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And Finally


Illustration Kerry Randolph
Reprinted from PN/Paraplegia News June 2016

Topic: Circle of Life

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Imagine you’re working on your roof, fixing a leak so that annoying little drop of water that lands in your living room every time it rains will just stop. 

Then boom — you wake up in the hospital, unable to move your arms or legs. Wait a minute, who am I talking to? Forgive me, I momentarily forgot. 

Whatever we were doing before the “incident,” we’re all well aware of the type of life we all end up leading afterward. Or are we? 

I admit I haven’t met all the paralyzed veterans across the United States, and there are many who have gone on to accomplish great achievements. We have Paralympians, marathoners, singers, dancers and even some hall of fame inductees. 

This is the story of one particular quadriplegic who also has managed to defy all the odds. 

College, Marriage & Kids 

This is a story about a veteran named Alex. He’s a quad, and by all accounts should be destined to live a life I’ve seen adopted by many. 

But not Alex. First, he decides to enroll himself in college, and I have to say I was honored and inspired
to attend his graduation party. The party venue was packed with friends, mostly from the school, which was probably why to this day he doesn’t remember me being there. 

Now, I’ve heard how hard it is to find a good relationship once we’re in wheelchairs. Yet Alex somehow found a way to marry an attractive woman, and their happiness is evident to all who have ever observed them. 

So, not only is Alex a leader in our Paralyzed Veterans of America (PVA) chapter, he also doubles as the chapter’s sports director, organizing ski trips, bowling nights, shooting trips and fishing outings.


So, you can imagine my surprise when photos of Alex, his wife and a newborn baby boy showed up in the office. A college degree, marriage, sports director and now a child? I had to ask, “What’s next?” He says, “Master’s degree.” I believe he’ll get one. 

How does a quad and his wife manage to conceive a child? 

Well, they had help. There are a number of programs offering conception services to both men and women who were catastrophically disabled, so Alex set up an appointment.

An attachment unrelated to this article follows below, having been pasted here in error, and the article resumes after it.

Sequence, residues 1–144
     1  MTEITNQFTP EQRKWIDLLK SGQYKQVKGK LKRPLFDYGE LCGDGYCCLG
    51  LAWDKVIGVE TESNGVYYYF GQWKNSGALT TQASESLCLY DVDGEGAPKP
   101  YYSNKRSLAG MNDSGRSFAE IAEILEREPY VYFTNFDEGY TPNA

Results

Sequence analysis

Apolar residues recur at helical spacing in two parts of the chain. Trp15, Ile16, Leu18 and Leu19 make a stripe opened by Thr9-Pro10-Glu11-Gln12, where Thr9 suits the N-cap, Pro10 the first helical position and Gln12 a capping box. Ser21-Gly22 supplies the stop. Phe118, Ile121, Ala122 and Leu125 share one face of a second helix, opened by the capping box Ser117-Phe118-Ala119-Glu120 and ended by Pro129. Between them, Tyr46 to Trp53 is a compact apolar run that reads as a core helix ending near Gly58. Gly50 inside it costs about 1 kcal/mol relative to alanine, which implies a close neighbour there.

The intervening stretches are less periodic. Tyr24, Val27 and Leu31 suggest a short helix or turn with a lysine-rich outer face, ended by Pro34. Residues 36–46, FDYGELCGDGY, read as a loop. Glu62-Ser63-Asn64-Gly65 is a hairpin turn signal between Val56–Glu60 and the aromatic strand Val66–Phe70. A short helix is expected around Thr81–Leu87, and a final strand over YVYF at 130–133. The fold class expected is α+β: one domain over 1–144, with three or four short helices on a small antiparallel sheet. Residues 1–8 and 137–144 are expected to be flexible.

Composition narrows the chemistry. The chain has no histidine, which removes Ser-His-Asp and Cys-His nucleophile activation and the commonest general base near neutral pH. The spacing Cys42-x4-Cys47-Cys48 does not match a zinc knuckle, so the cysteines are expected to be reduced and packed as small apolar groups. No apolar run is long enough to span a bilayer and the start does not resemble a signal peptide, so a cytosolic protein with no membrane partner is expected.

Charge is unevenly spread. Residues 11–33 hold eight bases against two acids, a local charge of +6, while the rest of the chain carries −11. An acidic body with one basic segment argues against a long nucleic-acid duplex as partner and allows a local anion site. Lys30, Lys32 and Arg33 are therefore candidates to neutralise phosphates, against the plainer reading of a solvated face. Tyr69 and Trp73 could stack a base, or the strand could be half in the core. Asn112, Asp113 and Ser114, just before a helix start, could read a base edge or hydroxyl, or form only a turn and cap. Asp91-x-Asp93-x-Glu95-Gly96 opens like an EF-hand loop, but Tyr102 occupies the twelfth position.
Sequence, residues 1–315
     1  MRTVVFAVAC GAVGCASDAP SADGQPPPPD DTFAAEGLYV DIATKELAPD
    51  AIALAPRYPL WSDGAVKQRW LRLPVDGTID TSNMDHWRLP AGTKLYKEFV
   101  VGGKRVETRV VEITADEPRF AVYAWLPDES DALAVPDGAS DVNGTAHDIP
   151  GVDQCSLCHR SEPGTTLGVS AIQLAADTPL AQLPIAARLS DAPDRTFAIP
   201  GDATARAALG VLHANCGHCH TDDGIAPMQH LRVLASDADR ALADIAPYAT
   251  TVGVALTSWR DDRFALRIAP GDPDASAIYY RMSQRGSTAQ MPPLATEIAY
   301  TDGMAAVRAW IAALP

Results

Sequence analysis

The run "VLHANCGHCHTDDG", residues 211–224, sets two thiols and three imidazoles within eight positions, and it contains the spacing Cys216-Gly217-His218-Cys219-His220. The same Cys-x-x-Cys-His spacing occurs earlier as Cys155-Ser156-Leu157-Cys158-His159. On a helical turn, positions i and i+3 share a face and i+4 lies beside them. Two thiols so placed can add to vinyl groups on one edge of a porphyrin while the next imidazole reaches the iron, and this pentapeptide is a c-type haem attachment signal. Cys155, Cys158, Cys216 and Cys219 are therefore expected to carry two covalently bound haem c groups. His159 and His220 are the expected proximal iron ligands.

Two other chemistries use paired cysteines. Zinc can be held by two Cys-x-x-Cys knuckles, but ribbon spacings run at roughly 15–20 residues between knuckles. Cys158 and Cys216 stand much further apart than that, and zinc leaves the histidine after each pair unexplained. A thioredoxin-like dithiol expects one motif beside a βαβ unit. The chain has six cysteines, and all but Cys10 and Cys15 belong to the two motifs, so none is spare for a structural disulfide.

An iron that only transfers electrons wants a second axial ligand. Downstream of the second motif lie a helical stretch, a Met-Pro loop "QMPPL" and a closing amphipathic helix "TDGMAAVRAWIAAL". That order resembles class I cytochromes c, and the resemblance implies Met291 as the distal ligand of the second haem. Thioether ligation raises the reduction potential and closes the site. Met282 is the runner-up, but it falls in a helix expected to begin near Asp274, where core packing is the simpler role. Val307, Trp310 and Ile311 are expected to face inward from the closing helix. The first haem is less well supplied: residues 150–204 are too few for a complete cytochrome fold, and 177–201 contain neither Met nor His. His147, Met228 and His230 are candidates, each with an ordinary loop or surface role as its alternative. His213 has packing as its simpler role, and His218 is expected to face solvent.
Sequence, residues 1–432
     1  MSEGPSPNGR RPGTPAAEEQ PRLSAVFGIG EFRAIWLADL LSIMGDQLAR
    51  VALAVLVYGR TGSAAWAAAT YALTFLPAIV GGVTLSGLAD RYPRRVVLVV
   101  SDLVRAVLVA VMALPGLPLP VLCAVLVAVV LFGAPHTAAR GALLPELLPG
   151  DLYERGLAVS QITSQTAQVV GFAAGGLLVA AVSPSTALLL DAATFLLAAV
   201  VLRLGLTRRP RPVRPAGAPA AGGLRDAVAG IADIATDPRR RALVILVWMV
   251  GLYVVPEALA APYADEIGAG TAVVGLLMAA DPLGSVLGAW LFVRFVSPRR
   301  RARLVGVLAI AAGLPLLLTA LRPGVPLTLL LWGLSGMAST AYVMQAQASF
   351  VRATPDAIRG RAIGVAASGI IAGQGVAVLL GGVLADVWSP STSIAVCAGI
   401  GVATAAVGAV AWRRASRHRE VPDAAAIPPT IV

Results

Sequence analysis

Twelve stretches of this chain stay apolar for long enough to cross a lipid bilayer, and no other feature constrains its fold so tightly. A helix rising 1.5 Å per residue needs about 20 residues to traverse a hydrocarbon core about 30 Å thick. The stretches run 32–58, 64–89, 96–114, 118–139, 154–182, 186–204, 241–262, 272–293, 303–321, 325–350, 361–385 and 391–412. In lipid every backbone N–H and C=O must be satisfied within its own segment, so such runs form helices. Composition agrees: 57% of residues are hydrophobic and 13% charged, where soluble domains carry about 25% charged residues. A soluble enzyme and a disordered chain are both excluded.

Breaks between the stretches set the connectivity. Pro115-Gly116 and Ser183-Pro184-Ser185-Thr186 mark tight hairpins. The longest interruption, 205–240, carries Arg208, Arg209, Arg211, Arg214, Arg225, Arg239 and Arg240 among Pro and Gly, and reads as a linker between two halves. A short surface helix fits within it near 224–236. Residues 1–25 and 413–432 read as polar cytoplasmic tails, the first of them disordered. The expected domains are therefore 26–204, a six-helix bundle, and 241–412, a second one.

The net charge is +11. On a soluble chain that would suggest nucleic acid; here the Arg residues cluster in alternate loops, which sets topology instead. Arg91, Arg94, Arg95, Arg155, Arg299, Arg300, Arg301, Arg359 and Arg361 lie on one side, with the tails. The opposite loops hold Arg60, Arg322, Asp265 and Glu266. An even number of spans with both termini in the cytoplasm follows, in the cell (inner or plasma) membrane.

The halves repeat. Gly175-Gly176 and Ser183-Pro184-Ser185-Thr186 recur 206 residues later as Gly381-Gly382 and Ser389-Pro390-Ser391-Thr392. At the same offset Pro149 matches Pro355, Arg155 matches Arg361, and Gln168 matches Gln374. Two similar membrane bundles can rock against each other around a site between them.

I haven’t personally heard of any other PVA members conceiving children thanks to assistance. I would understand if they want to keep it close and private, but if there is something that’s worthy of nationwide celebration, it’s when a member of PVA is able to conceive. 

No Fear, Just Love 

It’s the year 2016, and I can’t help thinking that prior to World War II, spinal-cord injured personnel were left on the field or brought into the hospital, made to feel comfortable and left to die. Now, we’re graduating from college, getting married and having children. Wow! 

So, if there’s a moral to this story, it’s that not only is a spinal-cord injury not an end of life by any means, it need not stop you from bringing in a new one either. 

I did ask all the other questions, like what about playing in the park and helping his son with his football or baseball skills? Alex simply said, “We’ll figure it out.” No fear, just love. Unconditional, unfiltered and all- understanding love. 

I guess when you approach all obstacles with nothing but love in your heart, solutions, rather than excuses, occupy your mind. 

There Is Hope 

To those of you who have read my book, you’ll know that Rule No. 4 is “Depression? OK, but don’t let it rule over you forever.” 

At first, my point was that depression will prevent you from getting out there into the world and seeing what opportunities are available to you. But even at the time of my book, I couldn’t think of saying you might miss out on marriage, a career and children. 

Even now, I dare not say something like this is attainable for everyone, but I do feel more comfortable in saying my Rule No. 9: ”Never, ever stop dreaming.” Especially to those of you who gave up on ever having a family. 

Marriage is possible, for you can find love. Education is possible, just check with your vocational rehab counselor. And now, having a child is possible if you ask your primary care physician for the information. Maybe, it’s all too proper that this article show up in the June issue, the first month of summer after a long, hard winter. Maybe this issue will be the one that spawns the surge in birthrate among the PVA membership. 

After all, I can still hope, can’t I? 

Scoba Rhodes is a U.S. Navy veteran and author of Rules of Engagement: A Self-Help Guide for Those Overcoming Major Personal Trauma. n 

 

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